Friday, December 9, 2022

Q&A with Michelle Mohrweis




Michelle Mohrweis is the author of the new middle grade novel The Trouble with Robots. A STEM educator, they live in Colorado.


Q: What inspired you to write The Trouble with Robots, and how did you create your characters Evelyn and Allie?


A: The Trouble with Robots came to me in a rather unexpected way. I was a robotics teacher at a middle school, and enjoyed reading middle grade contemporary stories, but was sure that I only ever wanted to write fantasy. 


Then COVID hit. 


I was stuck inside, missing my students and school, and that’s when I thought up the idea for The Trouble with Robots. I’d never written contemporary before, but the idea wouldn’t leave me be, so I gave it a try. I fell in love with the genre, and through the story was able to better cope with missing my classroom. 


As I wrote, I thought about the things my students deal with every day. I thought about how every year I have a student or two who is so dedicated to robotics but struggles with the teamwork part. I thought about the “tough” kids, the students who are often dismissed as uncaring, when in reality they have so much going on behind the scenes. I thought about how year after year I watch the robotics class become a safe haven for students, a group of friends so strong it always amazes me. 


I channeled those thoughts into Evelyn and Allie, and that’s how the characters came to be. 


Q: The Booklist review of the book says, “Full of girl power without ever showing them as outsiders in robotics because of their gender, this brings a diverse team to the page and shows the various skills needed to make a team succeed.” What do you think of that description?


A: Overall, I like the description! Right now, STEM careers are still dominated by men. It’s challenging for any other gender to make their way into a STEM career. 


When I wrote The Trouble with Robots, I didn’t necessarily mean to write a girl power type STEM book. I just liked writing female presenting main characters, and I liked robotics, so the two fit together naturally for me.


That said, I’m really glad I can show girls in STEM and that I was able to write a story full of diversity and a variety of marginalized characters to reflect the world we live in. I hope kids reading this story will be able to see themselves in the spot of any of the kids on the team, and know they have a place in the world of STEM, even if there aren’t many people that look like them in it yet.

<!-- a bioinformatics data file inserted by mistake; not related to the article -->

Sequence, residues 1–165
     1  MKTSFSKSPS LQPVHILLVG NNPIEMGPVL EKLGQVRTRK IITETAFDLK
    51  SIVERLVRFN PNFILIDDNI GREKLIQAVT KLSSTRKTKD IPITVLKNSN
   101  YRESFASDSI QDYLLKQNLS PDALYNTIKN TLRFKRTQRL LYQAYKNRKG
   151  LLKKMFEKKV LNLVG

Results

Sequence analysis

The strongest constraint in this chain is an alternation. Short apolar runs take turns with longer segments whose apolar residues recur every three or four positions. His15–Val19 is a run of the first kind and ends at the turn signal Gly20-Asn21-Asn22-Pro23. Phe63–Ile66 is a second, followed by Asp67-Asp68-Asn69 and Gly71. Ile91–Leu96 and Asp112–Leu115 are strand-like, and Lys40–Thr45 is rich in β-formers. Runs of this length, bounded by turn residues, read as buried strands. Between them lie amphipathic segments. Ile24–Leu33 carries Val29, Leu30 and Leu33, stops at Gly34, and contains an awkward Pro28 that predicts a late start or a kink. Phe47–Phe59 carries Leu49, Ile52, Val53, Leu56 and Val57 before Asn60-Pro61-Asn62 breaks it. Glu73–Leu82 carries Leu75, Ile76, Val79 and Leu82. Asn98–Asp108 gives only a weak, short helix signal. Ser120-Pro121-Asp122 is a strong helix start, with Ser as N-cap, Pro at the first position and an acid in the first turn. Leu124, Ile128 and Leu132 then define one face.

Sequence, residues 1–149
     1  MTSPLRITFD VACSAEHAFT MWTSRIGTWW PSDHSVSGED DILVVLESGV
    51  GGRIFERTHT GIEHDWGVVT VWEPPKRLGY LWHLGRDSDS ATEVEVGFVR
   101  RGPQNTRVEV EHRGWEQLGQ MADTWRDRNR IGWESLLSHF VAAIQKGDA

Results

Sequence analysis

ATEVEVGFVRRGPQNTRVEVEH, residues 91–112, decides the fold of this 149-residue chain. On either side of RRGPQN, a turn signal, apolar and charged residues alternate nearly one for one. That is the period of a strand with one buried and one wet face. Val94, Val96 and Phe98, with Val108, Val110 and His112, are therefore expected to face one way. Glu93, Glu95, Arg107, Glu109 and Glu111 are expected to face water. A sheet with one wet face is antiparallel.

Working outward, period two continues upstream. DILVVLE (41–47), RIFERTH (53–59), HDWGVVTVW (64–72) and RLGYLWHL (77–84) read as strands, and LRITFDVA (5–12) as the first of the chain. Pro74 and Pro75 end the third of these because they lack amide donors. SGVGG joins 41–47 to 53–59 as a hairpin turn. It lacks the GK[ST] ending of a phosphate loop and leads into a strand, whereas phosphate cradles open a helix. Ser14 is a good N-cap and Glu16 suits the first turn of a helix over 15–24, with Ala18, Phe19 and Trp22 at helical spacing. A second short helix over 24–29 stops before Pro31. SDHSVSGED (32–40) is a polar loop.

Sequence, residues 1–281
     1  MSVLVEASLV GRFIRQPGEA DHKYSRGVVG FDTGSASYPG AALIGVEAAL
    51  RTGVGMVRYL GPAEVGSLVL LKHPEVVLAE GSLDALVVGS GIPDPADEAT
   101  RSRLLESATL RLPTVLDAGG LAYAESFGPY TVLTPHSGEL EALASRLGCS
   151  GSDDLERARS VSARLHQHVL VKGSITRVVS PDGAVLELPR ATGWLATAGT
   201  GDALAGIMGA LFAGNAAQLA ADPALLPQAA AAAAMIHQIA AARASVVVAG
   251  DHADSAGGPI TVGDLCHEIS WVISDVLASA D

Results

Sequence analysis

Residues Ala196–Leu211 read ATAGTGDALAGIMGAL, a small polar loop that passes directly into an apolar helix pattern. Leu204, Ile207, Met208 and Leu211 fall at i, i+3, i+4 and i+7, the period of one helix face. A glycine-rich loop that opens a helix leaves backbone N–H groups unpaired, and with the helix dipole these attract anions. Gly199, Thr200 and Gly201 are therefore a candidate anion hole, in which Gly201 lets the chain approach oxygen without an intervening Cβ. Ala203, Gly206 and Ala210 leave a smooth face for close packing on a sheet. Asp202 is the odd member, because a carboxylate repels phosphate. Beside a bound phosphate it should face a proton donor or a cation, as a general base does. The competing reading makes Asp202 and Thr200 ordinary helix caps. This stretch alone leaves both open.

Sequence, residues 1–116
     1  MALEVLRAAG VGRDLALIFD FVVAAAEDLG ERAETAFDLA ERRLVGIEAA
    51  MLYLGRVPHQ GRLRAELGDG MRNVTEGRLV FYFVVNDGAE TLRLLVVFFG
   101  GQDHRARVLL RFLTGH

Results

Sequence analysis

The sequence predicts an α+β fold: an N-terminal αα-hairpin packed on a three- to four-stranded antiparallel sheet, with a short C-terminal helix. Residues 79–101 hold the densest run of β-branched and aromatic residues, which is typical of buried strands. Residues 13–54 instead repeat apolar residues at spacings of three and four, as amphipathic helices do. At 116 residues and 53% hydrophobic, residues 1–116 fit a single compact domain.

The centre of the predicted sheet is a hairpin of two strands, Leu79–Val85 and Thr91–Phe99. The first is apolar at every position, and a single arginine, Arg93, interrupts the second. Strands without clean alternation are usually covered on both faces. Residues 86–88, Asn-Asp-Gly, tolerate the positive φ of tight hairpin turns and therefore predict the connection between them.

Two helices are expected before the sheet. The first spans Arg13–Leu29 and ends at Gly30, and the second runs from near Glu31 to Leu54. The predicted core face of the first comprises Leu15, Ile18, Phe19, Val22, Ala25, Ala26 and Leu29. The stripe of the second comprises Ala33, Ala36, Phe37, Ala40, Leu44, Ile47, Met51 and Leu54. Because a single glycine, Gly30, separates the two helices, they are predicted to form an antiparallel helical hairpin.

So yeah, I like the description. 


Q: Did you know how the novel would end before you started writing it, or did you make many changes along the way?


A: I knew the ending right away, and I knew the overall bones of the story from the moment I started drafting. I tend to be a planner, so I had a whole outline plotted out for the story before writing it. I think what changed the most were the details that fleshed it out. 


For example, Evelyn is autistic. I gave her many of the same traits and habits I have. When I wrote the first draft though, I hadn’t been diagnosed yet. So, in that first draft, I didn’t actually mean to write her as autistic…I was just writing what I knew and giving her a lot of my own habits. Then I got diagnosed, and suddenly a lot of stuff I did made sense. Suddenly a lot of stuff Evelyn did made sense. 


By the time I was working on developmental edits with my editor, I had come to really accept and understand myself. As I worked on those edits, I couldn’t help but notice how Evelyn read as autistic. 


I wanted to embrace that more, to show kids it’s okay to be autistic, that we are wonderful as we are. So I made it intentional. I gave Evelyn many of the same stims I have, I gave her headphones to cope with sound sensitivity, I teased out more of her passion and her way of viewing the world and made her a character that would have helped young, confused me as I figured out the world.